Questioning cross-cultural applicability of public administration knowledge: a critical Asian perspective
M. Shamsul Haque
Asia Pacific Journal of Public Administration, 2019, vol. 41, issue 2, 110-118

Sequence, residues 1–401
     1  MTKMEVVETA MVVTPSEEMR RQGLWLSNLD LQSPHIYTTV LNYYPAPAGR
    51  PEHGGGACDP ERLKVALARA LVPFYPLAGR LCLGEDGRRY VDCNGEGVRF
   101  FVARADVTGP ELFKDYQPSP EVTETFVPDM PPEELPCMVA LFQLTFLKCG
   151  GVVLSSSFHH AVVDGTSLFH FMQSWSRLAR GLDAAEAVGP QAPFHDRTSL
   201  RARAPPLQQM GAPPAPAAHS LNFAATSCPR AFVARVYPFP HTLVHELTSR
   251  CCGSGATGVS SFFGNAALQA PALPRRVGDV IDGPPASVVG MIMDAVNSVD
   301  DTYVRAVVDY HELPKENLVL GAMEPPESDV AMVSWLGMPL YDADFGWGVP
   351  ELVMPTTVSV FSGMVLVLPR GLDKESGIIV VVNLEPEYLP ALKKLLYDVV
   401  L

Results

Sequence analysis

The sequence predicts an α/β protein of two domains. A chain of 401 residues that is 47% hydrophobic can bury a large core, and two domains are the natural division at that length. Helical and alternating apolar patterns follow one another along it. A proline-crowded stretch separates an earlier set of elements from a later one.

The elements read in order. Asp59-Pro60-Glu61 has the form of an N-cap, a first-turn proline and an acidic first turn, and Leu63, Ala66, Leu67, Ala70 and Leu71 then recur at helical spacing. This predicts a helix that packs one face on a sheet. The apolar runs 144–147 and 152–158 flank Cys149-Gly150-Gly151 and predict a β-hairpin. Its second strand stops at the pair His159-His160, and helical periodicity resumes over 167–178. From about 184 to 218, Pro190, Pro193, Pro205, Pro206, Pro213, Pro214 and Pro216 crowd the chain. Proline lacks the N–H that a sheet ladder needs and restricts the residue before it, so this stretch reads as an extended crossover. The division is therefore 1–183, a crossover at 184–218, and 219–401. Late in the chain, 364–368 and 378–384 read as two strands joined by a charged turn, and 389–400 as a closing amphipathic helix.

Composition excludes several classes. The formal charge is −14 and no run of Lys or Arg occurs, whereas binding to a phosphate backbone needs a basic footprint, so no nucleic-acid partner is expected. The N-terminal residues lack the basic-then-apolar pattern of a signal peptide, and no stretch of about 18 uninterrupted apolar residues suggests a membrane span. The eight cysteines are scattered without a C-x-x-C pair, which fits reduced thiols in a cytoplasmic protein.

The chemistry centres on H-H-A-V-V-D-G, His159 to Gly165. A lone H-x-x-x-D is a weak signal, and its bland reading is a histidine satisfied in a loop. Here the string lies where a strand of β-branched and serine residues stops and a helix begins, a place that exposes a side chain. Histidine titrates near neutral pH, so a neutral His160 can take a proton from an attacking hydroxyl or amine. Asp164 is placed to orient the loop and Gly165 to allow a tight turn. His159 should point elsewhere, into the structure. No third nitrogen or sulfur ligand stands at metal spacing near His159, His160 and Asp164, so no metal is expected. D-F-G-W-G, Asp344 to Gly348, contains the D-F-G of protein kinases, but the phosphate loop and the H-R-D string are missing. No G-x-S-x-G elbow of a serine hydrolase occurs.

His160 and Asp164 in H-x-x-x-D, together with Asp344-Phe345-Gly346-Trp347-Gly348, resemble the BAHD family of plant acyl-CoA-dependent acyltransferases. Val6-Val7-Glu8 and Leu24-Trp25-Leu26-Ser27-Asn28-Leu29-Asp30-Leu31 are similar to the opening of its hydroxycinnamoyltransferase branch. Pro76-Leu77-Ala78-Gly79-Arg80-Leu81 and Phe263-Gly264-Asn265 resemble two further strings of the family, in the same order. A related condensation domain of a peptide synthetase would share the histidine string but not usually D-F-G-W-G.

This note addresses the significance of more comprehensive, culturally nuanced research being conducted and recognised internationally with regard to public administration in Asia. It appreciates that, in the field of public administration, while it might be possible to make generalisations based on certain homogeneity in the origins, contexts and patterns of administration, it is questionable to claim the relevance of administrative knowledge to all regional and national contexts. Despite Western (especially British, American and French) public administration having been the dominant paradigm with global impacts due to its colonial imposition and postcolonial imitation worldwide, there has emerged a growing assertion that public administration in East and Southeast Asia represents certain uniqueness in terms of its leading state-centric developmental role. Although state-managed economic achievements in the region have generated certain optimism in the Asian model of public administration, the construction of academic knowledge and education in public administration in most Asian countries has been based on Western colonial legacies, postcolonial administrative prescriptions, and borrowed business-type perspectives such as new public management. In response, it is relevant to explore the exogenous origins of Asian administrative knowledge, the under-representation of Asian countries and scholars in knowledge building, and the critical implications of such borrowed knowledge for public administration as a field of inquiry and practical profession.
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